Anyone who thinks neurotypical isn't a disability should spend a month with a bunch of neurotypicals. Really listen to what a bunch of neurotypicals say over the course of a month. They say outright crazy and irrational things as if it's perfectly normal and acceptable. They're bonkers. They're really bonkers. BOTH neurotypical and neurodivergent people have serious disabilities and need serious assistance -- in different ways, as suits each individual adult or child.



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17 Dec 2021, 8:22 pm

Rotter wrote:
Anyone who thinks neurotypical isn't a disability should spend a month with a bunch of neurotypicals. Really listen to what a bunch of neurotypicals say over the course of a month. They say outright crazy and irrational things as if it's perfectly normal and acceptable. They're bonkers. They're really bonkers. BOTH neurotypical and neurodivergent people have serious disabilities and need serious assistance -- in different ways, as suits each individual adult or child.


NTs are able to function independently and the majority express themselves (approximately) socially the same way. What you are trying to express is a venn-diagram and NTs are in the biggest circle.



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17 Dec 2021, 8:24 pm

cyberdad wrote:
It's kind of a no-brainer that his IQ is in the genius range to be the top student out of 1 million students sitting university entrance exams.

No. That's an example of the "positive prejudice" I mentioned. The article says a high VCE score, and says nothing about any IQ tests. The VCE test is vastly different to any IQ test. There is insufficient information in the article to draw any conclusions about what score the son might receive if he does an IQ test from one of the IQ test providers.

Also, high IQ doesn't mean "genius". Geniuses don't exist in real life. They only exist in Hollywood and enjoyable fiction novels.

cyberdad wrote:
NTs are able to function independently

Right, their disability is in other areas, not in the area of living independently.



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17 Dec 2021, 8:33 pm

Rotter wrote:
cyberdad wrote:
It's kind of a no-brainer that his IQ is in the genius range to be the top student out of 1 million students sitting university entrance exams.

No. That's an example of the "positive prejudice" I mentioned. The article says a high VCE score, and says nothing about any IQ tests. The VCE test is vastly different to any IQ test. There is insufficient information in the article to draw any conclusions about what score the son might receive if he does an IQ test from one of the IQ test providers.
Also, high IQ doesn't mean "genius". Geniuses don't exist in real life. They only exist in Hollywood and enjoyable fiction novels.


I think you are avoiding the obvious. There is almost a 100% probability that MENSA students sat the exams and the fact he out performed them would be a strong indicator his IQ > MENSA students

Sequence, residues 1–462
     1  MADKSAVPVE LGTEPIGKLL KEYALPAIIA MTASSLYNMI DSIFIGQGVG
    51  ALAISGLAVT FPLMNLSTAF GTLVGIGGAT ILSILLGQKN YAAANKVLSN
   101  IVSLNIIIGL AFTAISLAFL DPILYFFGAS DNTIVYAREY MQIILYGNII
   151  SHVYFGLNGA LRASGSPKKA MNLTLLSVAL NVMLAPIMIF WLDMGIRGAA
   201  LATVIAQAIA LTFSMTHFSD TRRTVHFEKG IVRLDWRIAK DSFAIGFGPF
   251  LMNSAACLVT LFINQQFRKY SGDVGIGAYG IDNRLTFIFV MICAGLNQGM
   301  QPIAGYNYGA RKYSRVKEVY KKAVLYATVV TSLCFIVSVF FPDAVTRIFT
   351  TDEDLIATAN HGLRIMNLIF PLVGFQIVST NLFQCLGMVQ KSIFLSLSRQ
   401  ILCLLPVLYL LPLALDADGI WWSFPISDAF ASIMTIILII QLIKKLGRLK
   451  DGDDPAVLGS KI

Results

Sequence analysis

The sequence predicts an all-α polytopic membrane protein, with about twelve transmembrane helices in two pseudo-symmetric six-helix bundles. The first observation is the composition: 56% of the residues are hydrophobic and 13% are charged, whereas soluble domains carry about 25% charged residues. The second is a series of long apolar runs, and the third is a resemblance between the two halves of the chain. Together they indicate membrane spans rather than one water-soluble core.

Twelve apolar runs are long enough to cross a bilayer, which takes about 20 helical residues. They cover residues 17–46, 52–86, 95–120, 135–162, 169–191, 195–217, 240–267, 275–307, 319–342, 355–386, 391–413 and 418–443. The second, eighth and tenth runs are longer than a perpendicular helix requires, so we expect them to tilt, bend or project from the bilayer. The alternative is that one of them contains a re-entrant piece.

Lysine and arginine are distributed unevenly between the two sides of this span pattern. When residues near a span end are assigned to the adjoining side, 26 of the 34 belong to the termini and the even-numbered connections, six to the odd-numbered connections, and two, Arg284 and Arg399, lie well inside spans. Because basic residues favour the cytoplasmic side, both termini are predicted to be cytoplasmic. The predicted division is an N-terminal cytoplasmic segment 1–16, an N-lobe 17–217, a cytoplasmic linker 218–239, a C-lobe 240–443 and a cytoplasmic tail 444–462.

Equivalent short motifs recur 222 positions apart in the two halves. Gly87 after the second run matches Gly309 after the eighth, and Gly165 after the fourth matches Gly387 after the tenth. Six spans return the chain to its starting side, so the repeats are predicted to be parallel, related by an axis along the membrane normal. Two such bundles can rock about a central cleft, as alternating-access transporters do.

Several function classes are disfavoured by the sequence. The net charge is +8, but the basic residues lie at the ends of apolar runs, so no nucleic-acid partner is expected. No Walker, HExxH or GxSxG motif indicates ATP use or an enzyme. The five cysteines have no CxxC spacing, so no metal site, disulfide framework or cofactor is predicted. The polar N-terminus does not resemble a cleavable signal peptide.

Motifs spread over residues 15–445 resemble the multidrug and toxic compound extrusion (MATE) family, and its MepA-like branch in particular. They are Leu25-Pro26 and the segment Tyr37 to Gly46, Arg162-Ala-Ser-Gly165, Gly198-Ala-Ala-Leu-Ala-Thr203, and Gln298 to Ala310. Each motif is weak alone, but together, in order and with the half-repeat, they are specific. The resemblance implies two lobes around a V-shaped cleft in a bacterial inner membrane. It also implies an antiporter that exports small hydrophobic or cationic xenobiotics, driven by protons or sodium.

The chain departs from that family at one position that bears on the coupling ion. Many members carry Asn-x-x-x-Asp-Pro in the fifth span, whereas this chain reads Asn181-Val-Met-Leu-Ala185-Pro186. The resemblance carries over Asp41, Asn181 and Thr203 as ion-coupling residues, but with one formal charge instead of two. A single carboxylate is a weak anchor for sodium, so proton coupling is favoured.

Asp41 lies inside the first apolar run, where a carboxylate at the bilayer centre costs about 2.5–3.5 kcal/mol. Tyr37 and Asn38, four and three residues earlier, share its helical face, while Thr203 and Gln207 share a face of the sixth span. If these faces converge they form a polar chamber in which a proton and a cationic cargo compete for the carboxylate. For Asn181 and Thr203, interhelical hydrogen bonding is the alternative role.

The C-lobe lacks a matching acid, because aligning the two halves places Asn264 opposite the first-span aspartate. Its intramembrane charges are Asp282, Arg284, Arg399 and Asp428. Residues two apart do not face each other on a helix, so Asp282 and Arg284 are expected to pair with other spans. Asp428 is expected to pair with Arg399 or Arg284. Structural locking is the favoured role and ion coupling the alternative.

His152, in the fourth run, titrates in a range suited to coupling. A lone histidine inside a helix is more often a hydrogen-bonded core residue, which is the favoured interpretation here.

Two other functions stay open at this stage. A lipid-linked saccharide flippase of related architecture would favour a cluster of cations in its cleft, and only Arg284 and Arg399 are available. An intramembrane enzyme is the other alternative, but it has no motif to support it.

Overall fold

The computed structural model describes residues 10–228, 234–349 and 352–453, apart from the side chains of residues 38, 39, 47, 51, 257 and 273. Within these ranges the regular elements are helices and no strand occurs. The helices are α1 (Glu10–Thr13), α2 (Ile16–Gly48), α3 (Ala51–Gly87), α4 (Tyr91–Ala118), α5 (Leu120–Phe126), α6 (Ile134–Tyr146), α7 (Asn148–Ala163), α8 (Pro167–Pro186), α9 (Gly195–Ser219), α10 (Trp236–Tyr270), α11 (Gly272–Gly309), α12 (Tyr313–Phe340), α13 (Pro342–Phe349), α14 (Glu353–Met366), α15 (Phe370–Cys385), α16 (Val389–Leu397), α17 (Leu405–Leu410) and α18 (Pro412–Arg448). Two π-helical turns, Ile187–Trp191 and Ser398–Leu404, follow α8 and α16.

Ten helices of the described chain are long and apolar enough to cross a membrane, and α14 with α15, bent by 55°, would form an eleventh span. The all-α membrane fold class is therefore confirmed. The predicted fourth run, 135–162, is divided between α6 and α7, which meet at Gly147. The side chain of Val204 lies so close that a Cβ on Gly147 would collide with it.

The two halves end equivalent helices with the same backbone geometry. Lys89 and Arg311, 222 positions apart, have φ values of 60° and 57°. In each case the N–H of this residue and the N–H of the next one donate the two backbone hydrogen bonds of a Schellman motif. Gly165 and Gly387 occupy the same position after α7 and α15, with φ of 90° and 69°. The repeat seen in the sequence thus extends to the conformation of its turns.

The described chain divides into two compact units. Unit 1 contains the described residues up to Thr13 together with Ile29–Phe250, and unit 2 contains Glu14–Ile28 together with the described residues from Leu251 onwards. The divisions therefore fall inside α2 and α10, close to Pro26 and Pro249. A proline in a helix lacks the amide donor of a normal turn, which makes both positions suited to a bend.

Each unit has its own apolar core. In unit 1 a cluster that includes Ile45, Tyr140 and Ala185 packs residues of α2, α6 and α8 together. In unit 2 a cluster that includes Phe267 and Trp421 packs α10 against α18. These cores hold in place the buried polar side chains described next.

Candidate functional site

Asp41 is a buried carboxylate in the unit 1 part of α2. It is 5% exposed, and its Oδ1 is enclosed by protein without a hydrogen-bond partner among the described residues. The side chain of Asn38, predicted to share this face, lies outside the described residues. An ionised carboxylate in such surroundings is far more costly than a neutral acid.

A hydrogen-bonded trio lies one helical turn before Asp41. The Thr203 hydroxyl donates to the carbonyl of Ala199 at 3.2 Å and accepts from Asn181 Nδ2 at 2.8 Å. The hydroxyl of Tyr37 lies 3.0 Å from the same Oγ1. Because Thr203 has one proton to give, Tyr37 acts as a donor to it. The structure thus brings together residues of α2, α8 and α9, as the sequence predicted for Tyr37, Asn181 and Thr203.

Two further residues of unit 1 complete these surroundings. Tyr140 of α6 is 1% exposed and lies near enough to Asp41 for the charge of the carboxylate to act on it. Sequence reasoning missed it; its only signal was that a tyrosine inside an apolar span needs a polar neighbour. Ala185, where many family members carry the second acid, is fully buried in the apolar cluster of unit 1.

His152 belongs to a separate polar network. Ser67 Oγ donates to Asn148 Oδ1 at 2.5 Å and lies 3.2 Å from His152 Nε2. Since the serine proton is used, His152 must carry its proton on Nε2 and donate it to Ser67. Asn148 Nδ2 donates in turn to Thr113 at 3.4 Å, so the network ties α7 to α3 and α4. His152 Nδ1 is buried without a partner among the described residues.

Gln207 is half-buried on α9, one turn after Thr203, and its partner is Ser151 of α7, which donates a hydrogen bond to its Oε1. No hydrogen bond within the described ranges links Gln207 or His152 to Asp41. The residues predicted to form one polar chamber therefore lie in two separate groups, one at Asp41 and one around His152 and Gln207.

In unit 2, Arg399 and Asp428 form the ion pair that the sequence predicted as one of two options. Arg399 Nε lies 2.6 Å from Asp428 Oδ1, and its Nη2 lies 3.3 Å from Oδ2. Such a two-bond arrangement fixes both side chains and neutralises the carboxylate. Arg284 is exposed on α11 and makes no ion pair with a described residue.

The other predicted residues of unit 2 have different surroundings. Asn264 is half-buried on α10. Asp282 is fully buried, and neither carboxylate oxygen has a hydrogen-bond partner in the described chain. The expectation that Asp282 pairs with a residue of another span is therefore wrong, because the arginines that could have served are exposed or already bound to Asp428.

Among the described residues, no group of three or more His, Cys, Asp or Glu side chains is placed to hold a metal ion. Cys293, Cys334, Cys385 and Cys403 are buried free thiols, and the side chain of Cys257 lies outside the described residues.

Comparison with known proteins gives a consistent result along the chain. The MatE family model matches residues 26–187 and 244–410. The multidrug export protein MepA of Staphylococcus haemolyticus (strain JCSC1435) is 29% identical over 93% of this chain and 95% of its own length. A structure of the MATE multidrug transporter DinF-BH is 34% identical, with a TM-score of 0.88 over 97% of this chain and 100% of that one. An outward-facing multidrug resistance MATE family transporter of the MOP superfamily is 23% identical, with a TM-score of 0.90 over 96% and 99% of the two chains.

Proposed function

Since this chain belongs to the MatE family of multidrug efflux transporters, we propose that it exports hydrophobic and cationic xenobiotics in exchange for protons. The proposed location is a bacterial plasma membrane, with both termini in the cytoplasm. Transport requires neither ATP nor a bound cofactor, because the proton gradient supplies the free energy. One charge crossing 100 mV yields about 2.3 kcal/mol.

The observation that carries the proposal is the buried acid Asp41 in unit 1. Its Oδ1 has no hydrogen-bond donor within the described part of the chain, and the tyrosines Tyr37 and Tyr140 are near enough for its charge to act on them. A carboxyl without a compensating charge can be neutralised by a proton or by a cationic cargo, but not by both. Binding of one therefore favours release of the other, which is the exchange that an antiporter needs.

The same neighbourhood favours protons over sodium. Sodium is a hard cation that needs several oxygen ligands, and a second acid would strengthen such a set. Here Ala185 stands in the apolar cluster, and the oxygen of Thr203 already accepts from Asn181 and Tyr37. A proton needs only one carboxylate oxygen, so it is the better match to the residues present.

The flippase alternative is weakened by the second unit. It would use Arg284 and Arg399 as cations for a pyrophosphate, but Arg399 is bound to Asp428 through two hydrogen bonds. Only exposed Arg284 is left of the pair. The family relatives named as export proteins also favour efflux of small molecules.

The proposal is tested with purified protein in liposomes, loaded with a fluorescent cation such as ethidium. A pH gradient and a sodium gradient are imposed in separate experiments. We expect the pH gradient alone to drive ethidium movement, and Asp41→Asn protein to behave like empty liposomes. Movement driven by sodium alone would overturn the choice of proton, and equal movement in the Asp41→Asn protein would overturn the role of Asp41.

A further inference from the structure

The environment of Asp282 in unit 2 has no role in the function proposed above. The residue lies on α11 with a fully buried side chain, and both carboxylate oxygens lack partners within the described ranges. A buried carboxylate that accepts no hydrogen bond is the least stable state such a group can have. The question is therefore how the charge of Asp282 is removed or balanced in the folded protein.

To get an ATAR you need to sit 6-7 exams covering English, Math, science and other electives. ATAR is strongly correlated with IQ and his global intelligence must be in the MENSA range.



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17 Dec 2021, 8:33 pm

Rotter wrote:
Right, their disability is in other areas, not in the area of living independently.


What areas? I'm NT so I'm curious



Rotter
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17 Dec 2021, 8:44 pm

The article says:

Alison Singer wrote:
A group of very high-functioning people were called upon to represent autism at policy tables and in the media.

That comment is an example of a classic problem that many NT people suffer from. NT's and autistic people interpret the above quite differently. The NT interpretation is incorrect.

NT's tend to interpret it as if it means "High-functioning autistic people represented the topic of autism, therefore obviously they must have only represented their own self-interests."

In contrast, autistic people tend to interpret it literally. It means only what it says. The quote says that high-functioning people were present. It says nothing about what those people said or wanted.

Who is correct in this case? Clearly the autistic interpretation is the correct interpretation.

Neurotypicals constantly make mistakes like this. Neurotypical communication skills are frequently very weak, especially when discussing problems. They can hardly communicate at all when it comes to discussing problems. Sometimes it's really like trying to communicate with cats and dogs. They just don't have the necessary communication machinery in their brains.

So yes, autism is a serious disability, but neurotypical is also a serious disability. If neurotypicals claim they have no disabilities and only the autistic people are disabled, then it's equivalent to saying "Black people are disabled". It's just like racism.



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17 Dec 2021, 8:48 pm

Rotter wrote:
NT's tend to interpret it as if it means "High-functioning autistic people represented the topic of autism, therefore obviously they must have only represented their own self-interests."


How exactly is this wrong?